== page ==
Both Renee and Harriet take Sundays off, and on Mondays Harriet is at home with her children. The other days they attend daycare and her parents step in if she has to do an evening waitressing shift. “I enjoy the odd floor shift; it gives you an understanding of what’s going on in the restaurant. You can connect with staff, problem solve stuff. My children are hospo babies who have spent time at the restaurants from day one, and they do go to bed quite late, but I have to say driving them home from their grandparents at 10pm, after working all night, gives me massive Mum guilt.”
There’s endless metaphorical fires to be put out of course, even if the women are technically off the clock. “It’s hard to keep structured hours in hospitality; it never stops,” says Harriet. “Even if it’s your day off, you’re on. It’s hard to get work done when the kids are loose in the house and my kids are very smart: if I open my laptop, my daughter will come over and close it.”
So work-life balance is tricky, but is it the worst thing about a career in hospitality? “Managing people is the hardest thing,” says Gretta. “I’ve gotten better and better at it over time. Becoming a good manager of people makes me a better person and I know your culture is your biggest asset, so we name it upfront with staff: we work hard, we’re friendly, we’re team players. The hardest thing, ironically, is also the best thing because when you are a good manager, having staff provides the greatest satisfaction.”
Renee agrees: “Managing all of the personalities is the thing that makes you want to give up, but it’s also amazing. When you’ve got a team that is humming, it’s great. When we’re busy, we get in our flow on the floor and the energy carries us. It’s a great dynamic.”
Connecting with people — suppliers, diners, neighbouring businesses and loyal staff — is a part of all three women’s DNA. The late nights, financial pressure and other stresses are worth it, they say. Renee is currently plotting a Karangahape Road collective of hospitality sites in an attempt to lower the carbon footprint of the street. The idea is that the eateries will share communal keep cups, milk kegs, bulk orders from suppliers, and each plant out their roofs to create biodiversity and carbon credits. Establishing regular mental health support for Coco’s Cantina’s staff is also on the ‘to do’ list, because she sees that her young staff can struggle with what life has thrown at them over the past few years. Gretta runs a cadetship for her younger team members, helping them obtain their drivers’ licences and learn about taxes and basic business admin. One day, she’d like to have a production garden of her own to supply the cafe with organic ingredients and to run it as a social enterprise.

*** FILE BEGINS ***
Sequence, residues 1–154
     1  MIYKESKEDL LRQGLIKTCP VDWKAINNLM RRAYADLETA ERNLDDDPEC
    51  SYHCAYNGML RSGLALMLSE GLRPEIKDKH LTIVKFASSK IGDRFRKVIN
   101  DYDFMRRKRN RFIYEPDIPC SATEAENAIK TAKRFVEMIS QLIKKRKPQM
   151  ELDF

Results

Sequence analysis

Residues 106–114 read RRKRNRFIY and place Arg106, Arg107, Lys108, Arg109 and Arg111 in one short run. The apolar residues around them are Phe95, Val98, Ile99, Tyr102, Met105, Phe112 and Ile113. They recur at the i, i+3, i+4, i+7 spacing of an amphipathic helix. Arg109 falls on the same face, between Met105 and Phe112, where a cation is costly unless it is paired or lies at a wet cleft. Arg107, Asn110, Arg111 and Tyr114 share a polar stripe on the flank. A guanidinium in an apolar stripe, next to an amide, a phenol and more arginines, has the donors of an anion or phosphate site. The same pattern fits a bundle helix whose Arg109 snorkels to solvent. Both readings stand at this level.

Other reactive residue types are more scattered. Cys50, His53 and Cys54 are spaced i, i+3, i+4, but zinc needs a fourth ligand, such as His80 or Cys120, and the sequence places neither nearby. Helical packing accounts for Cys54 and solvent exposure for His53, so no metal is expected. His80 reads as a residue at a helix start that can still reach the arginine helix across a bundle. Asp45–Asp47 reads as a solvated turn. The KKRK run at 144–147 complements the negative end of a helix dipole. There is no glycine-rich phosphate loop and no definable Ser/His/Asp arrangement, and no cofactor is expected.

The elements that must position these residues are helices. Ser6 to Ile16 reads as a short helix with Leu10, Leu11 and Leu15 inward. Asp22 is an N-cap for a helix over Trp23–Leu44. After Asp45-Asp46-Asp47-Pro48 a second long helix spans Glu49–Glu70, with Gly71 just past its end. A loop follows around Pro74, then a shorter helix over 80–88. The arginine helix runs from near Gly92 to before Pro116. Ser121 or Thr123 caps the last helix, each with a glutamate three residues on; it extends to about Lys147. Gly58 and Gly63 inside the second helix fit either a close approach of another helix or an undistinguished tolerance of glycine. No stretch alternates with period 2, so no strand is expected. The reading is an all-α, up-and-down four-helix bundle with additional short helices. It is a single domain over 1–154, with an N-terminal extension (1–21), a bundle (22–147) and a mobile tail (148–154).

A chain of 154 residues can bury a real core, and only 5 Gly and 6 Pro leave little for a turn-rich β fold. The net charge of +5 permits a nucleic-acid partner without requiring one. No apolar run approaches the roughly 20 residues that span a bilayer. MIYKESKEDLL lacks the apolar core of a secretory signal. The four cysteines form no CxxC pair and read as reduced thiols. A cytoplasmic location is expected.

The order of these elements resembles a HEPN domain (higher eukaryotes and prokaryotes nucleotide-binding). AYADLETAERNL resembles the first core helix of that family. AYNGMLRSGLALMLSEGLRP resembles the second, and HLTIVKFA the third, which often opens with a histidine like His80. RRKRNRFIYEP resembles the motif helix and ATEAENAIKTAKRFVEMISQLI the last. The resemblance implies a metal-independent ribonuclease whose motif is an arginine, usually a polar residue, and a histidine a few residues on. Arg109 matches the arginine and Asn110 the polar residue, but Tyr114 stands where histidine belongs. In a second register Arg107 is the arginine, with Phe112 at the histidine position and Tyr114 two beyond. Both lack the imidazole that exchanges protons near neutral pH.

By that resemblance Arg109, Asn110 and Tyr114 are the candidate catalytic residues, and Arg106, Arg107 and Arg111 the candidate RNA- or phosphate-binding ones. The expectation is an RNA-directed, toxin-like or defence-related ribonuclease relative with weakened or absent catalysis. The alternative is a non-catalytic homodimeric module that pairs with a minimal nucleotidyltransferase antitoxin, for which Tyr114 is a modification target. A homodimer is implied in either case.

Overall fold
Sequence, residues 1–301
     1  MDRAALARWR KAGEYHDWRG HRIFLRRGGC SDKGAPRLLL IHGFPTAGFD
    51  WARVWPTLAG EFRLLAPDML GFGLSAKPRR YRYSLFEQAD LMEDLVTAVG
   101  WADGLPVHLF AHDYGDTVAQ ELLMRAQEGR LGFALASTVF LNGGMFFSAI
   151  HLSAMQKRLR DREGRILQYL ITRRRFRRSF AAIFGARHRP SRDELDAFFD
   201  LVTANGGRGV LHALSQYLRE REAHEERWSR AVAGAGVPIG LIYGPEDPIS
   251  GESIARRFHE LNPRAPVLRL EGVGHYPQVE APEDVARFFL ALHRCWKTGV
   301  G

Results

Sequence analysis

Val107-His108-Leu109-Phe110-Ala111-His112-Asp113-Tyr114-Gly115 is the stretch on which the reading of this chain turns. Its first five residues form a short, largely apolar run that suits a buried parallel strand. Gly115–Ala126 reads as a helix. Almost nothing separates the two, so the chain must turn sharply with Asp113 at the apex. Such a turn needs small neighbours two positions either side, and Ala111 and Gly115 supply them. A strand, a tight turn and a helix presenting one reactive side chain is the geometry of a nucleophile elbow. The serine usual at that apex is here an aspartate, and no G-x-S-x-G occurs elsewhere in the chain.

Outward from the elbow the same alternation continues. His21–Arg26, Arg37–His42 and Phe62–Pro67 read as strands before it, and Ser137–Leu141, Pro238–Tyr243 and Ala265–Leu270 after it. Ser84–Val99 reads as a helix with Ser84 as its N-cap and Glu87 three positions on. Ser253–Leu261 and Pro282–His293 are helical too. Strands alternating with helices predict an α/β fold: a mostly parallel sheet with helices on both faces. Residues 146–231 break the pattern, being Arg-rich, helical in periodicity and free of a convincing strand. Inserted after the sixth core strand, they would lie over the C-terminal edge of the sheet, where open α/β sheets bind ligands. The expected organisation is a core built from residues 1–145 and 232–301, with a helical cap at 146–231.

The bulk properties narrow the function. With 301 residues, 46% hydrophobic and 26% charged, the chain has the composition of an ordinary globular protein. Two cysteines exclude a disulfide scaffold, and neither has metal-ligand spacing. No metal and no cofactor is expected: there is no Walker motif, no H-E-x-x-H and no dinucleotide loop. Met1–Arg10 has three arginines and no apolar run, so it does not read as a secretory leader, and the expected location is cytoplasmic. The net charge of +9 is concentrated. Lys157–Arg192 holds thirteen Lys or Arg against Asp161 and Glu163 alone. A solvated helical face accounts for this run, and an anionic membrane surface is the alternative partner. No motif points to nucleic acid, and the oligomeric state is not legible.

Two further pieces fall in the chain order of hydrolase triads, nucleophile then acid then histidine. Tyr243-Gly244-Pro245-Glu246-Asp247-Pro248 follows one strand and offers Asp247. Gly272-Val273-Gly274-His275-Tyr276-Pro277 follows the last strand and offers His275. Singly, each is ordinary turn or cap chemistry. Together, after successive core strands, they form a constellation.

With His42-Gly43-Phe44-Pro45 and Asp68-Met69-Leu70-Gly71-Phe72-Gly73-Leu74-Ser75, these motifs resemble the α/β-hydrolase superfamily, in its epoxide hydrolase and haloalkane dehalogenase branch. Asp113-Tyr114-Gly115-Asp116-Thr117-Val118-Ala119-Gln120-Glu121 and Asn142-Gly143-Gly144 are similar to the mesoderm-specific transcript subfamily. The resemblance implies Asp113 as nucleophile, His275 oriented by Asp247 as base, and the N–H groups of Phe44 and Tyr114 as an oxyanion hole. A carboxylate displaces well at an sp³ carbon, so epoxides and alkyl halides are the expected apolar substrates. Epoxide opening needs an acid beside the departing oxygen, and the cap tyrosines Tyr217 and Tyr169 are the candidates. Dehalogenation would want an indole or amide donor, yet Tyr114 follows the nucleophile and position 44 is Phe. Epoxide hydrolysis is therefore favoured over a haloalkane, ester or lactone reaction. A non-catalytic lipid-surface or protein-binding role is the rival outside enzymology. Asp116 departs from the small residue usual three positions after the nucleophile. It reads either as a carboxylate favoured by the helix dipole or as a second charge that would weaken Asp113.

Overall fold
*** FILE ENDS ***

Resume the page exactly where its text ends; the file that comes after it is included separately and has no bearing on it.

Harriet, who plans to grow her empire with even bars and eateries, loves catching up with her customers. “We’re a neighbourhood place and our customers are the best. I love seeing our regulars,” she says. “They’ve watched me and Ian opening the restaurants together, before we even got married, and seen our family grow over the past six years.”
“We have 700 people coming through the restaurant each week,” adds Renee. “Being the person that looks after a table — moves the heater closer when they are cold, tops up the glass, takes care of everything and tries really hard to make it special — I like that.”
If the last three years have taught us anything, it’s that staying connected and looking after each other is a luxury… and a necessity in our communities. It’s also what keeps these wāhine toa going: “In Cyclone Gabriele, to be able to open when the power cuts were on was wonderful,” explains Gretta. “We had a generator, WiFi, hot coffee and scones. It was a place for people to come and they were so grateful as they were scared and isolated. That’s the gold of what we do.”